I enjoy a wide variety of food, but I think I’d have to pick my Dad’s lasagne as a firm favourite. As for drink, if I’m not singing, then a Mojito or a pint of Guinness would be my preference. Otherwise, it’s a lemon and ginger tea please!
Q. What’s your favourite piece of art... why?
I don’t think I have a favourite as such. I enjoy portraiture a lot, I think it’s fascinating to see how an artist has captured a person – their thoughts, feelings, character – in one moment of time.
Q. Do you have a favourite pet?
I should say cats as I have one at home (whom I love dearly, I should add), but I used to have guinea pigs as a child and I thought they were amazing. Not only great pets for kids, but fascinating creatures too. And those squeaks! Adorable.
Q. Can you think of an interesting fact about you that friends/fans may not know?
Haha, I’m quite an honest and open person so there’s probably not a lot that people don’t know! I’m the Burp Tennis Champion of the Bedfordshire Youth Opera circa 2007… it’s a skill I probably shouldn’t advertise.
Q. What are your future plans?
I’m hopefully going to give birth to my second child at the end of August, and then there’ll be a little more performing with Protein in the autumn which should be fun.
Q. If you could perform at any venue in the world what would it be?
Probably The Met Opera House, or the main stage of the Royal Opera House.
Q. Is there anyone you dream of performing with?
There’s a plethora of talented, inspirational performers on the world opera stage with whom I’d feel very privileged to perform with, such as Joyce DiDonato, Diana Damrau, Bryn Terfel, Joseph Calleja… so many! In a fantasy world, being in the same space as Mariah Callas or Joan Sutherland would be incredible.
Q. What other Bury Festival acts would you want to see and why?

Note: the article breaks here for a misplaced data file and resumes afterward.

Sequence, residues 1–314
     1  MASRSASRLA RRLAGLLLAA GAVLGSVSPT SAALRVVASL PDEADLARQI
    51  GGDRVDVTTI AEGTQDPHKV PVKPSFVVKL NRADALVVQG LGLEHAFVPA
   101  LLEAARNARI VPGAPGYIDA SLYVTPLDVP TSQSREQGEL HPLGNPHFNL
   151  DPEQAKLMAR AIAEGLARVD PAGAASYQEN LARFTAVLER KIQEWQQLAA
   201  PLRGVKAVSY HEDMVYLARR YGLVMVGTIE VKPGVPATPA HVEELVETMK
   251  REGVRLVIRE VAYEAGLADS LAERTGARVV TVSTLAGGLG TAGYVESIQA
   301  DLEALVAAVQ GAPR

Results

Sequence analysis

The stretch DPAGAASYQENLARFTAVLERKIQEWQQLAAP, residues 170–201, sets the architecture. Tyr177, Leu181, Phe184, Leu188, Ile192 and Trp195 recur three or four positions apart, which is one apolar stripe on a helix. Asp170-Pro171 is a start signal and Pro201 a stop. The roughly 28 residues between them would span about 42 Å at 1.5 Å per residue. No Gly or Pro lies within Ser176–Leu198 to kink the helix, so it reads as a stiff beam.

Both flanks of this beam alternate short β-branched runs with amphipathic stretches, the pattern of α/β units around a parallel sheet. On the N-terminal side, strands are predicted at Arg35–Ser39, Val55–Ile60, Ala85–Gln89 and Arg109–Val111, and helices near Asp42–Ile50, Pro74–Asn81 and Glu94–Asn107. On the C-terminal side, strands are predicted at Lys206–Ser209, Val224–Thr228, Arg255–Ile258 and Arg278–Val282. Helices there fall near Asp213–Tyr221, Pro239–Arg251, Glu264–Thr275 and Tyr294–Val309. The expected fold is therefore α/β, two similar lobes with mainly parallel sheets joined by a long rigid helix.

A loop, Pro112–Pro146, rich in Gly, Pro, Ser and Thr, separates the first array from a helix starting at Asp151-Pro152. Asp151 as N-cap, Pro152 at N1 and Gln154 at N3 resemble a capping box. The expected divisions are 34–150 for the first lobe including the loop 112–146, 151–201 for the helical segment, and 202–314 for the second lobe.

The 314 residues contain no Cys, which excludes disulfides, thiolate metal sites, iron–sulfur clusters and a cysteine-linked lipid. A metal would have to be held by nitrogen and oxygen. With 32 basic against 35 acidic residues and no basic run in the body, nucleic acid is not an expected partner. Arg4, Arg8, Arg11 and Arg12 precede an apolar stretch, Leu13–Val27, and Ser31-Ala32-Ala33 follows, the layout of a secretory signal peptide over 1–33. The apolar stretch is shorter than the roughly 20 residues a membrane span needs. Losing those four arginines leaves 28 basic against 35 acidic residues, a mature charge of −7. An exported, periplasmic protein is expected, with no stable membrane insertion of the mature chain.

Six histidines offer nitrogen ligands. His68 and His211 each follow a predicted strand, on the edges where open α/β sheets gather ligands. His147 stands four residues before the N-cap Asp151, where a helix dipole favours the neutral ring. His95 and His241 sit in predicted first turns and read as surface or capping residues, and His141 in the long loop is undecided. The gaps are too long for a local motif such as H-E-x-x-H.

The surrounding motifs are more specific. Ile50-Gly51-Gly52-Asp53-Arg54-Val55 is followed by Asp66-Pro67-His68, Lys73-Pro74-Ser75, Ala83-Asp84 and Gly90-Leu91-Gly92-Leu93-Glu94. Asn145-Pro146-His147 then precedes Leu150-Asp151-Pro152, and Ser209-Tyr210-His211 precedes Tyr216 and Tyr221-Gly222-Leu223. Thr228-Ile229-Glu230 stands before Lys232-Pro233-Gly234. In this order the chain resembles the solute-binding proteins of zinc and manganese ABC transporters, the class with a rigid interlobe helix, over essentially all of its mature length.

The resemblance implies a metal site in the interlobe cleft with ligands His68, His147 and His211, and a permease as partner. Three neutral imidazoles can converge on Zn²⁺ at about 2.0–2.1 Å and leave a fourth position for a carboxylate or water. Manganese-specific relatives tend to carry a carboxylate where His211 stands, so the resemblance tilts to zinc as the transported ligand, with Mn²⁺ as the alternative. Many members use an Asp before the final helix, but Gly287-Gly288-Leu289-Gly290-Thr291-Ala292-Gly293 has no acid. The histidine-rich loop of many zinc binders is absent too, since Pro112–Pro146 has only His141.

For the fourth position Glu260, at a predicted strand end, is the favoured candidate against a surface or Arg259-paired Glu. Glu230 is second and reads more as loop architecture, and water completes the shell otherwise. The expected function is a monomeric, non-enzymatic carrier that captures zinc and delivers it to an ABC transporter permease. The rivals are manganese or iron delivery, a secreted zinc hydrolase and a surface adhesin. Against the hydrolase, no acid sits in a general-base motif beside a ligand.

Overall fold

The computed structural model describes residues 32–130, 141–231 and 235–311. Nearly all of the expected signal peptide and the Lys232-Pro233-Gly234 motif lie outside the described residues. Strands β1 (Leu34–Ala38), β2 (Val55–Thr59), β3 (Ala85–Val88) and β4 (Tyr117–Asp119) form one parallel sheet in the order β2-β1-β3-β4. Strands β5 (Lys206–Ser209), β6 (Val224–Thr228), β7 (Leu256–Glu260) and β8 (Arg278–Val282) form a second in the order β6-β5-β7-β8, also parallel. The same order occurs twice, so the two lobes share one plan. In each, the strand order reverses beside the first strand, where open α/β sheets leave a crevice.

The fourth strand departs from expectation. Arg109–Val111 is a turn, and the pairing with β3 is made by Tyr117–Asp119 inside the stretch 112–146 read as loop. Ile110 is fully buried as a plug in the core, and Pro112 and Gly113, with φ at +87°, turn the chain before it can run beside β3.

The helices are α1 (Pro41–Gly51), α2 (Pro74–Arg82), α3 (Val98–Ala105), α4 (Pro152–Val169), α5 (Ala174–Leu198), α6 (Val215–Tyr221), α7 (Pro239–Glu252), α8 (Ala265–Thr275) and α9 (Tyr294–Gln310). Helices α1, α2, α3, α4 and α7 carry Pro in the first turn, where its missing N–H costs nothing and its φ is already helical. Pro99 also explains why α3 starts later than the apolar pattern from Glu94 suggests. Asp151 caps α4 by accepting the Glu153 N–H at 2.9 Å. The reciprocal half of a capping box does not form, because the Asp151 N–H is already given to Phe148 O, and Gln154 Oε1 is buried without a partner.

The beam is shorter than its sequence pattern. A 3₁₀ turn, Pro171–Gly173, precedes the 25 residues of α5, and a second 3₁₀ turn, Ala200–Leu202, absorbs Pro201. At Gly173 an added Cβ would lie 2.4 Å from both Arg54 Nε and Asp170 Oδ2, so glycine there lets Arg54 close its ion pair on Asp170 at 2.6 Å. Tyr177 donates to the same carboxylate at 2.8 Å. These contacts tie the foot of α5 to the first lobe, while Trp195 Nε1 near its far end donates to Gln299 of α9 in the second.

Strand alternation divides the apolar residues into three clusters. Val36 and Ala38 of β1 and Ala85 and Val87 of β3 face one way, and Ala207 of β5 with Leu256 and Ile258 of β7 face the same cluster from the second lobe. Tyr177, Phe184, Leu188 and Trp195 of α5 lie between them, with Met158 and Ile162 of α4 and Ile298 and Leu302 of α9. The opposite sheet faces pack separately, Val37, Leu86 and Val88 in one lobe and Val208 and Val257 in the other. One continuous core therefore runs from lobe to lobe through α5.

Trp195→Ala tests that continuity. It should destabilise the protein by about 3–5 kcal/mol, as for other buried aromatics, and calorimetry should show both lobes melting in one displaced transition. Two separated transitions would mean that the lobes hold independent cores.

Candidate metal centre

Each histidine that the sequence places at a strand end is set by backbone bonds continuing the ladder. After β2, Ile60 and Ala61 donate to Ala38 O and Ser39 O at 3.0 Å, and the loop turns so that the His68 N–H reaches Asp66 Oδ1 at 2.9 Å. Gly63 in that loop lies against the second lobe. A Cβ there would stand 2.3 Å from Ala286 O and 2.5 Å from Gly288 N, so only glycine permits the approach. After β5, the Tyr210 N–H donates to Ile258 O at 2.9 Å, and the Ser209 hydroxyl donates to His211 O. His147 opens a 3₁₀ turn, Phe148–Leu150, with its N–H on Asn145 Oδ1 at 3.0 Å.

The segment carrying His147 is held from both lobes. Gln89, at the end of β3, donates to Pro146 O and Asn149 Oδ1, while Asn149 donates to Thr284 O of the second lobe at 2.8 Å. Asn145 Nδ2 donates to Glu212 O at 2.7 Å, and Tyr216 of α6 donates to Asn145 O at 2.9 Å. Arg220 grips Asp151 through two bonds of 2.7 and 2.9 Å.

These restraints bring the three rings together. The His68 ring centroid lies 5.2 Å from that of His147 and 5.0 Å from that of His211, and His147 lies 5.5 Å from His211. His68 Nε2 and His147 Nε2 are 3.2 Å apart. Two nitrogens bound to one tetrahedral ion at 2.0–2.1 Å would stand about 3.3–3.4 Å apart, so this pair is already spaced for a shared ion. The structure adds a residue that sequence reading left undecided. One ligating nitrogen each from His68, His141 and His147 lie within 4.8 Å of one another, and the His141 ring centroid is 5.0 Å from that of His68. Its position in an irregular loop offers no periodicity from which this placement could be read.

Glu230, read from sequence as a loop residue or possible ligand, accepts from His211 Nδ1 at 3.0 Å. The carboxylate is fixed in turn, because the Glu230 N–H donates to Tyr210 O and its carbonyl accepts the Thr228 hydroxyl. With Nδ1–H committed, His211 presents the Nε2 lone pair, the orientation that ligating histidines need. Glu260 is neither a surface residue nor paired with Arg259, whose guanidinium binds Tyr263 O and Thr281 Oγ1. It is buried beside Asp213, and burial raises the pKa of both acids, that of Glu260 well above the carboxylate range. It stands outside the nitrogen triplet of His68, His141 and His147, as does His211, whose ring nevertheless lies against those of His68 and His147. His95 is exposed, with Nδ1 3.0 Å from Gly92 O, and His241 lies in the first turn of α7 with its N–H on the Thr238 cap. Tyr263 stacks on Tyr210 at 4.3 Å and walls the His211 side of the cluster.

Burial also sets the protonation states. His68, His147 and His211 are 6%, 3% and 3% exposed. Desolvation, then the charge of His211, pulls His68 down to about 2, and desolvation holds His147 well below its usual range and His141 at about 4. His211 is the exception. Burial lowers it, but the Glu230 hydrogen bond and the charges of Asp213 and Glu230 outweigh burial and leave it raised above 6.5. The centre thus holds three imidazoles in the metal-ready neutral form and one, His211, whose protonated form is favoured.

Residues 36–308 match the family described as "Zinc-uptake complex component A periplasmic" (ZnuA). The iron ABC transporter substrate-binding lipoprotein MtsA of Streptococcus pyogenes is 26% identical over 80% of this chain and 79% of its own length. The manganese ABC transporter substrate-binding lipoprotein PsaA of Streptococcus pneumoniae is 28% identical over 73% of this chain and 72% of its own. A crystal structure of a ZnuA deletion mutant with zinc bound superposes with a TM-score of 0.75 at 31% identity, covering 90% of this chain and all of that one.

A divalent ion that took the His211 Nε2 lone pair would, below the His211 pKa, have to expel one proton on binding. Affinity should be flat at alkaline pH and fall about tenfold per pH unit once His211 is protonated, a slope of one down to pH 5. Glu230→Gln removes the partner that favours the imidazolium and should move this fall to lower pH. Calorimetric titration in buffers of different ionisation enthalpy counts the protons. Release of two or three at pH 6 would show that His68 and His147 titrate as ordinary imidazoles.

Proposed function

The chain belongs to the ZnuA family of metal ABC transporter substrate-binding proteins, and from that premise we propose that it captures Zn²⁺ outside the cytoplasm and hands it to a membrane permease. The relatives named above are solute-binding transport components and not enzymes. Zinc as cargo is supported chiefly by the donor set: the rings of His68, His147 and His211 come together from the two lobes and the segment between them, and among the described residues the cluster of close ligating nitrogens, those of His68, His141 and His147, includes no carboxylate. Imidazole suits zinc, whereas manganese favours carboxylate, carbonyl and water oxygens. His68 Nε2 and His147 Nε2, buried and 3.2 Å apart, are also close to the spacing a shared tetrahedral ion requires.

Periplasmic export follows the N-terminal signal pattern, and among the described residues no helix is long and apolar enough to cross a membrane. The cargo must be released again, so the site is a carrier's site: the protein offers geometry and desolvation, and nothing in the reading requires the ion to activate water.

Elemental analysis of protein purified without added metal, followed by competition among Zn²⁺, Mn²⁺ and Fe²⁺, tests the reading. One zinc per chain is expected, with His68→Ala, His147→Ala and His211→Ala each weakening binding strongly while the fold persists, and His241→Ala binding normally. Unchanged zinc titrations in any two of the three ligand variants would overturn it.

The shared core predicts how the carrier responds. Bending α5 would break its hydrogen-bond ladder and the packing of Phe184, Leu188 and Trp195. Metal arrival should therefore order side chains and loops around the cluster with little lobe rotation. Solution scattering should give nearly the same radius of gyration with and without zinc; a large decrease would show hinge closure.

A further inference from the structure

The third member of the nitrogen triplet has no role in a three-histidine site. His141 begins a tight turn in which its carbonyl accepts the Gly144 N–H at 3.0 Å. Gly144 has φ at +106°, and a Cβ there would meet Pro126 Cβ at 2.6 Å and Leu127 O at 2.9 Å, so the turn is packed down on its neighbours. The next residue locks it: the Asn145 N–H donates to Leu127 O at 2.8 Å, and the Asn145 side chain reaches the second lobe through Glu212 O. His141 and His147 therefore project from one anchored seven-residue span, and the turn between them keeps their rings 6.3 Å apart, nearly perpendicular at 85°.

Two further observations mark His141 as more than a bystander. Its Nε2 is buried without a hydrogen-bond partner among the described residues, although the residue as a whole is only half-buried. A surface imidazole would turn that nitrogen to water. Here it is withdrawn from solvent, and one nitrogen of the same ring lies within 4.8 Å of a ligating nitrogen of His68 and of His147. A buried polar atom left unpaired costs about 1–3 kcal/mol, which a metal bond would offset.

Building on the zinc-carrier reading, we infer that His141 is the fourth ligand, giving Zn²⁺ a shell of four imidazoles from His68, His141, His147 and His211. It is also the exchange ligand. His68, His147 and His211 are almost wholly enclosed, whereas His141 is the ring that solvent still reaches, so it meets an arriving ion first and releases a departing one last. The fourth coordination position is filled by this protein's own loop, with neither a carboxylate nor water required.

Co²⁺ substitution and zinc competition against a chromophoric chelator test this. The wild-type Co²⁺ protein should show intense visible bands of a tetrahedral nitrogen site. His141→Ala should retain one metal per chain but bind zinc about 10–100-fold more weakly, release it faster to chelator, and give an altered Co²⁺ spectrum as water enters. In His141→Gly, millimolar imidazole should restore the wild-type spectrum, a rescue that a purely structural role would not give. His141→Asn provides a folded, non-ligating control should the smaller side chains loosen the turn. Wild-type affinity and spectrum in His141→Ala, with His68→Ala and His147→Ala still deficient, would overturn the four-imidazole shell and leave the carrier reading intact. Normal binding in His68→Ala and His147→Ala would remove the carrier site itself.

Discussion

Sadly we’re not in town for long enough to see any other acts, but if I did have the time, I’d try and see as much as possible, especially The Sons of Pitches, the Aurora Orchestra, and the NYMT, as well as some of the plays being shown.
Q. What instruments do you play?
I play the flute, and very (very) basic piano.
Q. What do you think is your most annoying habit?
Being grumpy when I’m tired!
Q. What is your favourite movie and why?
I should pick something that’s very intellectual with a host of awards… but I’m afraid it has to be ‘Dumb and Dumber’. Silly, slapstick comedy with fantastic performances from both Jim Carey and Jeff Daniels. I might know all of the words, I have seen it many, many times.
Q. What’s the one gadget you can’t live without?
I don’t have many gadgets – I don’t even own an mp3 player – so I’d have to say my phone. Phone, computer, sat nav, music player, camera… I’d be very unhappy if I lost it!
* Join Protein at The Athenaeum on May 26 for a witty piece of dance and music theatre, inspired by social occasions and life at mealtimes. You will be invited to sit at a table, offered a tasting menu and served a show that explores our relationship with food. For tickets visit www.buryfestival.co.uk or call 01284 758000.